How the Pandemic Encouraged Businesses to Adopt a Zero Trust Model
The COVID-19 pandemic has forced businesses around the globe to change in ways that were thought impossible at the start of 2020. Having employees work from home was a radical idea. Now, it is being touted by employers and employees alike as the way business should go moving forward.
Marketing has also changed post-pandemic. Businesses realize that attracting new customers is a challenge. The focus has to be on building brand loyalty and keeping existing customers. Social media is playing a larger role than ever in marketing. People are reluctant to spend money. When they do spend money, they feel more comfortable if they can relate to the brand they are purchasing from.
Cybersecurity is another area that has changed post-pandemic. While cybersecurity has been a major theme most of the year, many companies weren't adequately prepared for the rapid growth of cyberattacks among other difficulties that very much threatened their survival during the pandemic. According to the cybercrime reports, phishing scams significantly damaged both companies and individuals in many countries. Australian Cyber Security Centre reported that the Government's Scamwatch received more than 3,060 COVID-19 related scam reports since the pandemic's outbreak with over $1,371,000 in reported losses. That made most of the organizations question their cybersecurity models.
The importance of traditional cybersecurity tools cannot be understated. As cybersecurity poses an ever-growing global threat, security applications like password managers that are hack-proof and VPNs solutions for Australians that guarantee a strict no-logging policy, multi-factor authentication, and identity access management have been amplified in most Australian-based organizations. New technologies, such as those backed by machine learning and artificial intelligence, are finding their foothold.
Many Australian companies started to recognize that a distributed workforce is most likely to become a standard procedure for many organizations even after the pandemic, which encouraged them to embrace the switch to a zero-trust security model. Zero trust is being seen as a security model that can help organizations correct vulnerabilities and their legacy security practices with the goal of supporting remote workers.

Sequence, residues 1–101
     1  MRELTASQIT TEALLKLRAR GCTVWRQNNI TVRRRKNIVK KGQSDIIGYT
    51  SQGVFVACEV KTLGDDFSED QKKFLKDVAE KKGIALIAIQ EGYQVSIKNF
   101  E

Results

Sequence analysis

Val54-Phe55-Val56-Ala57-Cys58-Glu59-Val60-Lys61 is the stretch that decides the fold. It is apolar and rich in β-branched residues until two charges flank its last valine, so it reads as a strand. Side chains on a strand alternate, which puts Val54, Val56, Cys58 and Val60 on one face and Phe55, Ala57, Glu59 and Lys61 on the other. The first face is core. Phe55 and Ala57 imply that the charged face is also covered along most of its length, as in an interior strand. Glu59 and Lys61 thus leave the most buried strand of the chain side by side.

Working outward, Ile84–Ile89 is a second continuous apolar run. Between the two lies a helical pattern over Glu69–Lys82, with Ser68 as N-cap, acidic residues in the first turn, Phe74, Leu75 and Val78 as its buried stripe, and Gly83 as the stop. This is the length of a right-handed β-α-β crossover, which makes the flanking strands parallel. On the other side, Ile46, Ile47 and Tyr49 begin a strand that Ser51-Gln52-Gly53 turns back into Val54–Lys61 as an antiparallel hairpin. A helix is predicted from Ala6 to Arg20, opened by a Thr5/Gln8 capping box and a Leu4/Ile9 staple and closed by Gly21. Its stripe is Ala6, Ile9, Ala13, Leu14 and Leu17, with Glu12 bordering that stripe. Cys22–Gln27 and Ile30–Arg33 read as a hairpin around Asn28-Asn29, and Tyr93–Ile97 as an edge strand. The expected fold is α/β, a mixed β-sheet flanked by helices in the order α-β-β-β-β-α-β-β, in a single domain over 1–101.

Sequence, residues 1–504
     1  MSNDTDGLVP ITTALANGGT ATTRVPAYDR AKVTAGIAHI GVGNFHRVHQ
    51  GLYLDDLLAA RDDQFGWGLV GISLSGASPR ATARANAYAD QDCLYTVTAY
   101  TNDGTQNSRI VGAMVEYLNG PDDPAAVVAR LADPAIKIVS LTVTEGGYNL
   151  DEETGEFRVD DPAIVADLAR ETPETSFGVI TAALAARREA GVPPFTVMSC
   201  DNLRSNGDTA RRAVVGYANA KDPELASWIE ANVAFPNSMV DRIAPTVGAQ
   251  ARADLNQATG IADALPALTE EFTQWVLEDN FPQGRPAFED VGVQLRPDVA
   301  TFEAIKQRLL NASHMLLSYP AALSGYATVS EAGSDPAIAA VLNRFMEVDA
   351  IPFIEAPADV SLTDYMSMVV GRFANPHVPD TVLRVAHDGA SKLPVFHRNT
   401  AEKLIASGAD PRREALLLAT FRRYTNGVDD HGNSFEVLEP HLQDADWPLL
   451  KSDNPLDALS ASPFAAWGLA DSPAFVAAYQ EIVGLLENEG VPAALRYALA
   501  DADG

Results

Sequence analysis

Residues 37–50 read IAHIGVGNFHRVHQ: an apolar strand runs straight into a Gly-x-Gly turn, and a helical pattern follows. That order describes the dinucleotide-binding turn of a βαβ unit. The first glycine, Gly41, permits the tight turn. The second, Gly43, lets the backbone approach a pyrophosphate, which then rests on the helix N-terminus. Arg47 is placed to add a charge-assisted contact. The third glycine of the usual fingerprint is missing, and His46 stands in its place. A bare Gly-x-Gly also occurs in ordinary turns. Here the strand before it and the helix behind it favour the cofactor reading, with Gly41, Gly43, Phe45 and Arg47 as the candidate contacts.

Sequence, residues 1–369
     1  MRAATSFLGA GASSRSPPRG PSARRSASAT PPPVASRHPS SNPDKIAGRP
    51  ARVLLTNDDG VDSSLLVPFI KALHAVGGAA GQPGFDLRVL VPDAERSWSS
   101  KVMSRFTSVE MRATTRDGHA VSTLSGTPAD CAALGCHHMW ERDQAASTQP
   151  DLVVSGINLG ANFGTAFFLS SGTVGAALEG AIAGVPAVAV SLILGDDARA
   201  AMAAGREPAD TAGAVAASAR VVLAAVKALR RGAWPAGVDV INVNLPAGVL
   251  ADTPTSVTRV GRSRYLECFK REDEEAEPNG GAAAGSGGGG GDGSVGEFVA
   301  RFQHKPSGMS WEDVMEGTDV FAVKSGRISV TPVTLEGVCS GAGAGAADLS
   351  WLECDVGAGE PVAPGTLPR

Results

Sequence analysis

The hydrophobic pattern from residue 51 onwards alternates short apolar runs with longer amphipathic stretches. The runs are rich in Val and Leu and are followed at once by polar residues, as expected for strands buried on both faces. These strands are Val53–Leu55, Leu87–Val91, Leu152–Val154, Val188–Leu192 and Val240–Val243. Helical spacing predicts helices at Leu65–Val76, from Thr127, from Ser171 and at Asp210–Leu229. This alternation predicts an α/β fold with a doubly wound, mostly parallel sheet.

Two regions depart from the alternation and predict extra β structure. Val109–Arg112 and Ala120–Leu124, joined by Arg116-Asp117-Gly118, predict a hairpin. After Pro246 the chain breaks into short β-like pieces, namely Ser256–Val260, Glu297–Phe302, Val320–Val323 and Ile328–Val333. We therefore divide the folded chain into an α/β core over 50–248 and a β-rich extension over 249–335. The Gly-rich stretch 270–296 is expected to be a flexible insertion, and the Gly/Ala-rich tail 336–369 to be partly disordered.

The Australian scenario is a great example of what happened to organizations around the world. The shift to remote work happened so quickly that many IT security teams were caught flat-footed. They are hoping that a zero trust model will provide them with the agility they need to adapt to any future unforeseen changes.
What Is the Zero Trust Network Security Model?
Zero trust security is a security model that uses the least privilege principles. It is built around multi-factor authentication. It requires device security checks.
A VPN infrastructure works well in certain circumstances. However, it lacks the scalability that zero trust brings. Remote workers can access applications via secure web-based gateways. Zero trust integrates easily with the most popular single sign-on platforms on the market. Zero trust provides a scalable privilege access management infrastructure that allows decision-makers to configure control access policies based on a user's privilege and the devices they are using.
Why Is Zero Trust Network Security so Sought after Today?
There is a greater emphasis on businesses going mobile. Organizations have seen the need to embrace remote work. Under these circumstances, the zero trust model is helping organizations stay secure.
Adopting zero trust helps manage cyber risk. This includes cyber risk caused by workforce mistakes. For example, remote workers, insider threats, and third-party risk are all mitigated with zero trust model network security. During the pandemic many companies especially small businesses integrated some useful tools such as cloud invoicing and accounting systems to help them manage their cash flow, and cybersecurity became an even bigger concern than it was before.